The 21 Irrefutable Laws of Leadership and The 21 Indispensible Qualities of a Leader by John C. Maxwell. As well I have been re-reading Simon Sinek’s book Start with Why. I needed to get my mind back into the swing of things. I found I started to get complacent and not giving it my best as a leader. There is always room for improvement. As I have always said “I am not an expert”. There are published works out there that state that and it has stuck with me ever since I read it. Being an expert means that there is no room to grow and we all know that is not the case.

So over the next couple of weeks I will be not only catching you all up on my podcasts, I will also be adding more of my views of leadership so that we can all grow together.

On a couple of notes:

My trip to the World Masters got me to the second round for the second year in a row. The experience is something that is hard to describe. There are so many legends in the sport that compete or are there as a spectator I sit there in awe. Don’t get me wrong I want to win and I try to win. It is one of the toughest tournaments out there. One of the best quotes that is used in the sport: “you don’t lose, you learn”. I use that outside of the mats at home and at work. We should all use it.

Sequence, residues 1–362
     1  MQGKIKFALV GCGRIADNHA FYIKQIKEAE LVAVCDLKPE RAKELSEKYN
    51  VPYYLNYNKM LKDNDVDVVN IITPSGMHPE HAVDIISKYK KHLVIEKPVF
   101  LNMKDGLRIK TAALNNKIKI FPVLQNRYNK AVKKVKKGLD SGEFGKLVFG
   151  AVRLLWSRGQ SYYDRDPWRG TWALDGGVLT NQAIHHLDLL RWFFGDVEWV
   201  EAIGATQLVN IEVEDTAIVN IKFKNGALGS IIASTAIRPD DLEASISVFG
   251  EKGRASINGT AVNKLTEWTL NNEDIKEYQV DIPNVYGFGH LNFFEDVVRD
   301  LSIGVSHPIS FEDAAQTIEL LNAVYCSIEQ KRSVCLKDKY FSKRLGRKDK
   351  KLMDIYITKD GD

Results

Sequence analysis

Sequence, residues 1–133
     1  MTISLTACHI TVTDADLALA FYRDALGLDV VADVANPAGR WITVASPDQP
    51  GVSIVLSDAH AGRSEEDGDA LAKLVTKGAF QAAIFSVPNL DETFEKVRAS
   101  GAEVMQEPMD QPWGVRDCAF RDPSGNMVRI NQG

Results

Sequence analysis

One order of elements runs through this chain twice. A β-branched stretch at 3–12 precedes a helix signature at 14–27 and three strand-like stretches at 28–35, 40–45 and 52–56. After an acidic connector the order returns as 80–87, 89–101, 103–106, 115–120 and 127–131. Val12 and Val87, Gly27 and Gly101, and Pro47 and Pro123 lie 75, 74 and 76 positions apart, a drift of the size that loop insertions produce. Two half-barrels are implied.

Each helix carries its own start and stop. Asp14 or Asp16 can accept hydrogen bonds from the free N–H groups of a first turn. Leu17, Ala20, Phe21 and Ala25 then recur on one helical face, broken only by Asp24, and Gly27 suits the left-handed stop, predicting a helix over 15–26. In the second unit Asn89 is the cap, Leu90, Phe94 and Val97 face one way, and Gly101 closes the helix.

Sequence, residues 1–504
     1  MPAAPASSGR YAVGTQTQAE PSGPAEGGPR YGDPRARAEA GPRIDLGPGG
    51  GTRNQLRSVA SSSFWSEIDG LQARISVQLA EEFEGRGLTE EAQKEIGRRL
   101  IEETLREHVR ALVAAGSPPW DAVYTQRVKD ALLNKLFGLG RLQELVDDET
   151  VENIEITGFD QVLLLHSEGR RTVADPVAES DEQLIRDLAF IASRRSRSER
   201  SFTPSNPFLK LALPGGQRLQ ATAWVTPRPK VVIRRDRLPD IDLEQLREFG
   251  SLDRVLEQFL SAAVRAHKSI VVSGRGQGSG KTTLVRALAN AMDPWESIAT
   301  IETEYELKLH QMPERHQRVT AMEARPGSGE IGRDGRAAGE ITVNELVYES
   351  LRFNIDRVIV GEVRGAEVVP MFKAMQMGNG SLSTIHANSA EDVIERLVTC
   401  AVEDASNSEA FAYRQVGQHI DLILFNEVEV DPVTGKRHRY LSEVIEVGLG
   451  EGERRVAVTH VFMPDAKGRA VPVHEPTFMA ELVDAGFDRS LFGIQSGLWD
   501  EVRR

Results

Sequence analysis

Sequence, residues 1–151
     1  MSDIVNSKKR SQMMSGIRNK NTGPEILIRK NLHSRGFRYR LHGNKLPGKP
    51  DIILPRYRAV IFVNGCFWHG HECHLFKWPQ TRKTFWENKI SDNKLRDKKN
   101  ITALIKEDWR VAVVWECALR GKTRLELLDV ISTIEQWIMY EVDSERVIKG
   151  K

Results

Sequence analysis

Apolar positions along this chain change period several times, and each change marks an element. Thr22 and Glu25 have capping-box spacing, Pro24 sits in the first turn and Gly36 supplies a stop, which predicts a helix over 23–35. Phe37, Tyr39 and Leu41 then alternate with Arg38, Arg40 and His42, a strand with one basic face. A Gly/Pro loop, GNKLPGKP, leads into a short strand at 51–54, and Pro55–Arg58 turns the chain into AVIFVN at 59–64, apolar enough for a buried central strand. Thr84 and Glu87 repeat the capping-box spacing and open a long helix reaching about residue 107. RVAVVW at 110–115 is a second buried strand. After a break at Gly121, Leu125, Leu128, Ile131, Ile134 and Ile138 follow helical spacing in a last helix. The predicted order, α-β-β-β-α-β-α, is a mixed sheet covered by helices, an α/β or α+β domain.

Secondly, I have been selected to teach at course at QAI QUEST 2019 in Chicago, as well as do a one hour track session. The course will be a very hands on course using techniques to discover the QA discipline Why statement. This is based on Simon Sinek’s books and I am looking forward to finding out what we come up with.

The one hour session is on estimation. We will look at some of the pitfalls and common mistakes that are not intentionally done while finding ways to get around them.